(edited March 9, 2017)
His name was Juan.
He was new to school and spoke only Spanish. He was about four inches taller than me and one of the fastest kids on the playground. I suppose now that I am an adult I realize he was probably older than the seven-year olds who mostly comprised our second grade class. I had been given the assignment of helping him read a book in English. We sat at a table along the wall of our classroom in Houston, Texas under the large crank windows that used to line mid-century designed elementary schools before they took on the prison-like traits of the twenty-first century.
My mind transports me even now to us hovering over the book laid open on the table under the pale morning light welcomed through the windows above. I am fairly certain it was a Dr. Seuss book. I would point and read each word on a page slowly and in a whisper so as to not disturb the class quietly working. Then I looked at him and slid the book closer so he could repeat it. And when he did I could not help the tears welling behind my translucent flesh toned too-big-for-my-face glasses. My eyes still brim as I recall my delight at his triumph. When I smiled and said, “Muy bien!” he gave me the most darling cheeky grin. I had asked my Dad how to say a few things in Spanish because I wanted to be able to encourage my tutee.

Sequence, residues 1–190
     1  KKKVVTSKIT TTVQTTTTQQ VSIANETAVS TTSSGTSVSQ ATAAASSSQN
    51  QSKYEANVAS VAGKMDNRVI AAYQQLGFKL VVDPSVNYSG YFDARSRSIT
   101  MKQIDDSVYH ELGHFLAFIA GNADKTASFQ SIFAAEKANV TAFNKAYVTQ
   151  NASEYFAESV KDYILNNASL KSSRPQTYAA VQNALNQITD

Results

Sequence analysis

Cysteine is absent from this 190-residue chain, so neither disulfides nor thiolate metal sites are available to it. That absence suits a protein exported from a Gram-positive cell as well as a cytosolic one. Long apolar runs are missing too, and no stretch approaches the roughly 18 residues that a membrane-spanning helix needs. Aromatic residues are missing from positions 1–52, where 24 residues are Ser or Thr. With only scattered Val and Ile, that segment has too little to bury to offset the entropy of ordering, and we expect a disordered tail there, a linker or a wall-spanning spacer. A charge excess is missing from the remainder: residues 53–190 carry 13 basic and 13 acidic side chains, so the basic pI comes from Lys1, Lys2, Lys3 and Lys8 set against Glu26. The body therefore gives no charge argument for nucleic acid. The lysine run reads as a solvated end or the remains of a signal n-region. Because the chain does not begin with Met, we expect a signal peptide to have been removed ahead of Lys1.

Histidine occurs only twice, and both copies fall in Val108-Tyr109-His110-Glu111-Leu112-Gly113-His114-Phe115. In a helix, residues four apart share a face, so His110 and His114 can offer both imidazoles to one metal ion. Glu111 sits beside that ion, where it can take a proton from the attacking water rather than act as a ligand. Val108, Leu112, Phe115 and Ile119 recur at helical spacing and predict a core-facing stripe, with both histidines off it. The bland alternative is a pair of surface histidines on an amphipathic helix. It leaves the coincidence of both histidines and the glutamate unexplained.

Something in me came alive sitting under that window with Juan. I learned that yes, I quite loved helping another grow, but also there is a certain dignity that comes when we recognize the different powers we each possess and how we might use them in aid of one another. Perhaps he was a bit of an outsider, but frankly, so was I. Are we not all outsiders in a sense, just trying to find our way carrying a hope of some belonging? And maybe sometimes it is an imbedded memory under the light of a window that the belonging “creates and undoes us both,” shaping a vision of what can be.
She was one of those girls in fifth grade we did not quite know how to categorize, as immature youth tend to do. She was slightly socially awkward, very long brown hair, always wearing skirts with tennis shoes, and really, really fast. Speed buys you a lot of social collateral in elementary school. She could run so fast it was as if the skin on her face would get swept back from sheer speed as she outran even some of the boys.
Though she was quite small in frame she was incredibly loud, and tended toward a bit of a pushy know-it-all. Probably she was more awesome than I knew, but my set of friends valued the ever coveted “teacher’s pet” designation, content with being “good” and who ran at normal speeds.